Post date: Thu, 09/23/2010 - 10:03

September 23, 2010. Northwestern students, faculty and staff are rallying to assist in relief efforts related to the flooding in Pakistan, which has devastated large areas of that country.

“I urge members of the Northwestern community to support the activities being organized by our faculty and students as well as the world-wide relief efforts,” said Northwestern President Morton Schapiro. “On behalf of the University, I extend our sympathy to all of those affected by this disaster and to their friends and families, both in Pakistan and here in our community.”

The Northwestern Center for Global Health in the Feinberg School of Medicine is organizing a symposium on the Pakistan flooding and the global relief efforts. Featured speakers include: Dr. Asher Hasan of Naya Jeevan for Kids, a social enterprise that provides micro-insurance for the urban poor; Todd Shea from Shine Humanity, a disaster relief organization; and Dr. Rashid Chotani, vice president and global advisor for public health at Experior Advisory and director of the Global Infections Disease Surveillance and Alert System at the School of Public Health at Johns Hopkins University. Read on...

Source: Northwestern NewsCenter

Post date: Wed, 09/15/2010 - 10:02

September 13, 2010. A recent study led by IPR anthropologist Christopher Kuzawa shows that rapid weight gain by male infants in the first six months of life has long-lasting health benefits. Variation in infant nutrition accounted for some of the health differences observed between the young men and women, adding support to the idea that the environment—and not just genetics—plays a role in development. IPR anthopologist Thomas McDade was also a co-author.
See the National Geographic article here.

Source: Institute for Policy Research, Northwestern University

Post date: Mon, 08/30/2010 - 15:34

August 30, 2010. Heavy monsoon rains in northwest Pakistan have caused the worst flooding in that nation's history.  Around 1,400 persons have been killed and entire villages swept away.  According to the UN, around 20 million people have been affected and 6 million are in urgent need of food, clean water and shelter.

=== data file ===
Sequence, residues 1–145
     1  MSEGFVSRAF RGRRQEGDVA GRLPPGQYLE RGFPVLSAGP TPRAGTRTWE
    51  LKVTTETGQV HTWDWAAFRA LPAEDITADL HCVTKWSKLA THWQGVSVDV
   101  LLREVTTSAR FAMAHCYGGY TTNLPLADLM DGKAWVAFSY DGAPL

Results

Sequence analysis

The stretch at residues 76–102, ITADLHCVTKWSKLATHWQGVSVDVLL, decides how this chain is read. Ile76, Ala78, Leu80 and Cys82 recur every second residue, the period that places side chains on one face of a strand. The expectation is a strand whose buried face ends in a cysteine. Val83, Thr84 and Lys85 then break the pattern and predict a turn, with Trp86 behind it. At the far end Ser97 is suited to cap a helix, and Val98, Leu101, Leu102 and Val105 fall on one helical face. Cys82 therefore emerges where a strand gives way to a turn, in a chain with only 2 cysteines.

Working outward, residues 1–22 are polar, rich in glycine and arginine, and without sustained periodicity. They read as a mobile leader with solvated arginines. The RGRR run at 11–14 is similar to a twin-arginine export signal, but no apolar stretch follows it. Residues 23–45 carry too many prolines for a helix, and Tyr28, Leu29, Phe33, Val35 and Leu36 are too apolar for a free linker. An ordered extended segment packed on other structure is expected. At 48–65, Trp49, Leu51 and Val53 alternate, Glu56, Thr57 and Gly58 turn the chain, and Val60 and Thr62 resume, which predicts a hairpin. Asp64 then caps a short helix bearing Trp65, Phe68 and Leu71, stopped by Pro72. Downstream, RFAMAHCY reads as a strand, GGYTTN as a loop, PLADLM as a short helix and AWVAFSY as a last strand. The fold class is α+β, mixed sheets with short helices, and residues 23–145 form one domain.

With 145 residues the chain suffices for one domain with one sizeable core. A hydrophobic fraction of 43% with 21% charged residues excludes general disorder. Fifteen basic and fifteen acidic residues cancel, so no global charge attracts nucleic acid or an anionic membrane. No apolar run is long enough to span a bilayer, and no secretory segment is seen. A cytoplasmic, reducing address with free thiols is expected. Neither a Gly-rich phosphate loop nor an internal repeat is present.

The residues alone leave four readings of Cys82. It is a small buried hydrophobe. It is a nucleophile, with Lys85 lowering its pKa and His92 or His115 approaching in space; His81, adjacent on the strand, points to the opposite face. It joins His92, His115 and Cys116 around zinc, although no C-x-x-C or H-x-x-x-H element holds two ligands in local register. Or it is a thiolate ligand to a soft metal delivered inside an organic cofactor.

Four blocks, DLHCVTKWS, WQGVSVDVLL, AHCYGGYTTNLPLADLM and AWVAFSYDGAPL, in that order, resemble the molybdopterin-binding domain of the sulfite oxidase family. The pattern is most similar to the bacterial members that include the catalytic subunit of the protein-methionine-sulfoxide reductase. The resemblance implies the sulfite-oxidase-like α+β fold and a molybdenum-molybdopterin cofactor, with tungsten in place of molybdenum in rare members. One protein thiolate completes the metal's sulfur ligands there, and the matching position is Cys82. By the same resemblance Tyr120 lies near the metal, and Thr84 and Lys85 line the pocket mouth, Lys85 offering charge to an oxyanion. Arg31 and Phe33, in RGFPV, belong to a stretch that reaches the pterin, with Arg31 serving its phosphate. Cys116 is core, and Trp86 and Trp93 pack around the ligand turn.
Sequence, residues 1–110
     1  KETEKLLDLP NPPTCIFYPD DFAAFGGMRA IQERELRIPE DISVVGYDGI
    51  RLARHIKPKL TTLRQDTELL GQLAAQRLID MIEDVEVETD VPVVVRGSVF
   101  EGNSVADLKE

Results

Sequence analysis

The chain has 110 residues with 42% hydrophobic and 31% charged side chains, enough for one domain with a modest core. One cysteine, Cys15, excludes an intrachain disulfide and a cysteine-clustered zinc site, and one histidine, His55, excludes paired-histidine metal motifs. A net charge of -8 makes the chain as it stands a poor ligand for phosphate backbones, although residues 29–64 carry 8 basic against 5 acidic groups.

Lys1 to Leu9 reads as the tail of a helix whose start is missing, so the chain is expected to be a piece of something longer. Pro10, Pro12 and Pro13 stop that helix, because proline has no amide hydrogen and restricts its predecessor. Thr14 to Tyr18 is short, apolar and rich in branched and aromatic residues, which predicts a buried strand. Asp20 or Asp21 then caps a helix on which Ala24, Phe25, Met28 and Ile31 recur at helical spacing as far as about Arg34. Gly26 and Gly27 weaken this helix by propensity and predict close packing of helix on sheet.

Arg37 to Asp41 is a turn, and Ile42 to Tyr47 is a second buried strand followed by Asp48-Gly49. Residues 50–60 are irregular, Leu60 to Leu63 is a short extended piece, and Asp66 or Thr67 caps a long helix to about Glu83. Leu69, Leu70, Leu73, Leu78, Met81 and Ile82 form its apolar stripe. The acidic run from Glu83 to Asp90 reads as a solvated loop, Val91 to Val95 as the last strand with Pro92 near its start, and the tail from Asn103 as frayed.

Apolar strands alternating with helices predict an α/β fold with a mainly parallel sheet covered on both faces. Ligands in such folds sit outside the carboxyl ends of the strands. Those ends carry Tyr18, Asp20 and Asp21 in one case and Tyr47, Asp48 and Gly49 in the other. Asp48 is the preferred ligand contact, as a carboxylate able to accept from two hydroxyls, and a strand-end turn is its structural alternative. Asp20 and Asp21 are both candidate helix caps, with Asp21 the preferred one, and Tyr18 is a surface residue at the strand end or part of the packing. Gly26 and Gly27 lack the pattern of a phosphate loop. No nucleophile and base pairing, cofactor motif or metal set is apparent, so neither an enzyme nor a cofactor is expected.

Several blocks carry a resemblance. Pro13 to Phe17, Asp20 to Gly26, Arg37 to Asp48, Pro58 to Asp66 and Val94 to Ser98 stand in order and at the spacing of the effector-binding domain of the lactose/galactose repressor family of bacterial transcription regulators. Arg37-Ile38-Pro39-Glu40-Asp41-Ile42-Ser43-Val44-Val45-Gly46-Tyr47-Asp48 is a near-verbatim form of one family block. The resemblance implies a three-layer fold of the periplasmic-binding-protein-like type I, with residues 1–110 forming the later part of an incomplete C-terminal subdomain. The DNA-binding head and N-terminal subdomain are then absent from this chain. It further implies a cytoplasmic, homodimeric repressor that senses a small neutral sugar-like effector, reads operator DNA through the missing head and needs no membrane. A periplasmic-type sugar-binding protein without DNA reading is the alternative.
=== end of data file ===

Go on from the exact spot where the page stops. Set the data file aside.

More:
As there are members of the Northwestern medical community with ties to Pakistan, the Center for Global Health wishes to provide information on the situation and how to help. 

To learn about the situation and the ways to help, visit the following webpage, which will be updated as more information comes through: http://globalhealth.northwestern.edu/News/Pakistan.html

Post date: Fri, 07/23/2010 - 09:58

July, 23, 2010. More than any other racial/ethnic group, African Americans are disproportionately incarcerated and suffer from HIV/AIDS.

A $10.2 million grant from the National Institutes of Health, including the National Institute of Drug Abuse and National Institute on Alcohol Abuse and Alcoholism, will enable researchers at Northwestern University Feinberg School of Medicine to investigate how disproportionate confinement of racial/ethnic minorities affects health disparities in the HIV/AIDS epidemic.

The new grant will give a new focus to the Northwestern Juvenile Project, the largest longitudinal epidemiological study of mental health needs and outcomes of delinquent youth. 

Given the new direction of the research and its contributions to shaping public health policy, the University also is changing the name of Feinberg's research program, from psycho-legal studies to health disparities and public policy.

"We've been studying these kids since they were first arrested and detained in the late 90s," said Linda A. Teplin, the Owen L. Coon professor of psychiatry and behavioral sciences at Feinberg and principal investigator of the study. "Now they are in their late 20s and early 30s, and we are studying their outcomes as adults. We are investigating how the deprivations suffered while they were incarcerated result in risk-taking behavior when they are released into the community or re-incarcerated." Read on...

Source: Northwestern NewsCenter

Post date: Fri, 06/18/2010 - 10:35

June 17, 2010. Northwestern's Center for Global Health was recently featured on Global Health TV. The Center for Global Health at Northwestern University's Feinberg School of Medicine identifies and implements research and educational training programs, both in the US and in resource-limited countries such as Nigeria. The center's work reflects a global approach to complex and shared medical needs, strengthening infrastructure and optimizing care for life-threatening conditions such as AIDS, tuberculosis, cancer and obesity. Watch the clip here!

Source: Global Health TV

Post date: Wed, 06/16/2010 - 10:31

June 15, 2010. Dr. David Serwadda, former Dean of the School of Public Health at Makerere University in Kampala, Uganda speaks about Makerere University, its relationship to Northwestern as an international partner institution, as well as his research on HIV/Aids and the current state of the disease in Uganda. Dr. Serwadda was one of the first to research HIV/Aids in Uganda in the early 1980s.